Robert MacAuley was on a Caribbean cruise with his wife, Wanda, when what started as a stomach pain derailed their vacation.
Suddenly, MacAuley was also spitting up blood.
“I looked at my wife and said — we need to go back to the cabin. This doesn’t look good,” MacAuley recalled.
The MacAuleys rushed to their cabin and called the ship’s emergency line while Robert’s bleeding worsened. Doctors onboard couldn’t stop the bleeding, which was in Robert’s esophagus.
As crew members donated blood for four transfusions for MacAuley, the captain rerouted the ship to the nearest port: Cartagena, Colombia.
Getting coverage abroad
Medical emergencies are always scary, but can be even scarier in a foreign country. A combination of MacAuley’s benefits and dedicated member advocates from Blue Cross and Blue Shield of Illinois (BCBSIL) was able to get MacAuley the help he needed.
BCBSIL members, depending on their plan, are usually covered by the BlueCard program and Global Core.
“When Blue Cross members travel internationally, they’re able to bring their benefits with them,” said Kevin Thorn, a strategic product manager in product solutions with BCBSIL. “It’s an extension of the domestic benefit.”
MacAuley had Global Core coverage as part of his plan from his employer. But a set of extenuating circumstances meant MacAuley needed more help.
The Colombian hospital where MacAuley was taken initially wouldn’t accept payment from Blue Cross and Blue Shield. Instead, it asked MacAuley’s wife to pay out of pocket for the emergency treatment.
MacAuley has nonalcoholic fatty liver disease, a chronic condition that can cause the liver to harden, making it more difficult for blood to pass through. Blood may then back up into the esophagus and cause a rupture — which is what happened to MacAuley on the ship on Oct. 30.
The care team at the Colombian hospital was able to treat MacAuley’s medical emergency but wasn’t equipped to treat the condition that caused it.
“That’s when Amber got in the picture,” MacAuley said.
A human touch
Amber McLean is a customer advocate specialist with BCBSIL who connected with MacAuley on Nov. 6.
“He needed someone human on the phone,” McLean said of MacAuley. “He was in a foreign country.”
McLean immediately made calls and sent emails to escalate the situation.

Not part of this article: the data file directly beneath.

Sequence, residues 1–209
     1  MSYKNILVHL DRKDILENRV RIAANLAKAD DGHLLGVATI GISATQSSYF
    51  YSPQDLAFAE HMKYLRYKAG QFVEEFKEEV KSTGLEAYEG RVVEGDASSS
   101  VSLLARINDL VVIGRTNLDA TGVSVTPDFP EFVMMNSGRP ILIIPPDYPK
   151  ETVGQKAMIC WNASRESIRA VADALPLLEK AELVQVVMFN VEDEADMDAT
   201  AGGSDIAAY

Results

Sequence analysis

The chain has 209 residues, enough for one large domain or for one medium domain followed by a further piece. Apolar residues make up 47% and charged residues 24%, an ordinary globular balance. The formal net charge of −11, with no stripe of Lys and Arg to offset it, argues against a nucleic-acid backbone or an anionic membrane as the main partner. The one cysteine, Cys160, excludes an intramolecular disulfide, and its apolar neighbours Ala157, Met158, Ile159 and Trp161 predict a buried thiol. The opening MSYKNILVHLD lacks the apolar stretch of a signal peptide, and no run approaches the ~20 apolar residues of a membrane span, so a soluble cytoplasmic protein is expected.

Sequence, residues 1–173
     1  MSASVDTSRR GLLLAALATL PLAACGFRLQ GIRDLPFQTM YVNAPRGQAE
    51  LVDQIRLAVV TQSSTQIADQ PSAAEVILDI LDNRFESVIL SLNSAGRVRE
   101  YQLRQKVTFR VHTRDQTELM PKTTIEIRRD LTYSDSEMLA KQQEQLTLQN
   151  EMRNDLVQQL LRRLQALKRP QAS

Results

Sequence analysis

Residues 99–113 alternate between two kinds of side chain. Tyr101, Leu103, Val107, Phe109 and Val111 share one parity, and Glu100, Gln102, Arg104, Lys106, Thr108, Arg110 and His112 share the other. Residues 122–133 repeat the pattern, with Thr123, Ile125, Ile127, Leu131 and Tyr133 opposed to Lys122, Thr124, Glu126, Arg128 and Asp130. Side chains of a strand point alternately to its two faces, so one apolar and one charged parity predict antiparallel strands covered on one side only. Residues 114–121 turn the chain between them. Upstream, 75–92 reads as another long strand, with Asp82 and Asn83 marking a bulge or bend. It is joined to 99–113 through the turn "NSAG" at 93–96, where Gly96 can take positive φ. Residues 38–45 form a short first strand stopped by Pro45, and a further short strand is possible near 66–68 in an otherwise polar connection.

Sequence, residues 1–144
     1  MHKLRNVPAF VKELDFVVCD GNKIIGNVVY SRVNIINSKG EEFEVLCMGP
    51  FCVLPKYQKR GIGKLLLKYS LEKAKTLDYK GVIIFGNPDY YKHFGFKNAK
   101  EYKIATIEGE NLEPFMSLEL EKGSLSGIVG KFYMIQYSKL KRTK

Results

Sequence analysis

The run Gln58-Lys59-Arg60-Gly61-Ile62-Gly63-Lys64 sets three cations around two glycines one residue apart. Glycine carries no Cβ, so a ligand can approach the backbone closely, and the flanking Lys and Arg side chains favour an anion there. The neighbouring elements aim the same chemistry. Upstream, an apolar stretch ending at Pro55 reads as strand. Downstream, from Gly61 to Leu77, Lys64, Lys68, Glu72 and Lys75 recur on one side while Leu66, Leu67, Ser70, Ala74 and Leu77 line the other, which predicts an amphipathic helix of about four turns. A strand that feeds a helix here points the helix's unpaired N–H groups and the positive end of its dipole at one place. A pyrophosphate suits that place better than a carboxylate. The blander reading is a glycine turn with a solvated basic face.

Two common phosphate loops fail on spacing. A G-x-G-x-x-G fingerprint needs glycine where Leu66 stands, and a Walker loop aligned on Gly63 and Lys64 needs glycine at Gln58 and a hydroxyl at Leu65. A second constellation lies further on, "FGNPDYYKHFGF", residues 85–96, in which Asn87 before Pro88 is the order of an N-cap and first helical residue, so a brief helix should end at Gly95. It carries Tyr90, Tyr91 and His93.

She contacted Alexandra Forrest, a client service specialist with BCBSIL. Forrest acts as the liaison between clients and members.
Forrest and McLean were able to work with the BlueCard team and get the Colombian hospital to accept payment from BCBSIL. But When McLean called MacAuley to give him the good news, he sounded much sicker than before.
“He didn’t sound good,” McLean recalled. “He said it’s not about the money, it’s about going home and getting treated.”
Specifically, he needed to be transferred to his doctor at Vanderbilt University Medical Center in Nashville, Tennessee, where the care team knew him and his medical history.
But the Colombian doctor had checked a form saying MacAuley wasn’t facing a life-threatening condition and the hospital was able to treat him, making him ineligible for a transfer.
McLean facilitated a call between one of the Global team’s Spanish-speaking nurses and the doctor in the Colombian hospital. It then became clear that MacAuley needed more advanced care outside of Cartagena.
The next challenge was getting MacAuley all the way to Nashville. His plan would pay for a transport to the nearest facility able to treat the condition — and that was Miami.
Forrest put in a request to MacAuley’s employer to see if the company would make an exception to get him to Tennessee instead.
“The culture at (his employer) is so employee-centered,” Forrest said. “They immediately said, ‘Bring him home.’”
The team got approval on the morning of Friday, Nov. 8, to transfer MacAuley to Nashville.
“We were so happy. We were all crying on the phone,” McLean said of the call when she told the MacAuleys the good news.
A day later, MacAuley landed in the U.S. His doctor in Nashville then found major blood clots in MacAuley’s spleen and digestive system.
“No one was looking for anything like that down there (in Colombia),” he said.
MacAuley had surgery to address the blood clots and is getting regular checkups with his doctor in Nashville. He is now back at work. He said he owes McLean a lot.
“Amber was a godsend, really,” MacAuley said. “She never one time ever said no, I’m not doing that. She said, I’m going to do everything for you. I’ll be here for you. We told her she was our guardian angel.”
McLean’s quick, persistent actions left an impression on Forrest as well.
“This job, you never know what you’re going to get day to day, but the one thing I know for sure is the people I’m working with are extraordinary and everyone truly cares,” Forrest said. “They’re of the highest caliber and quality.”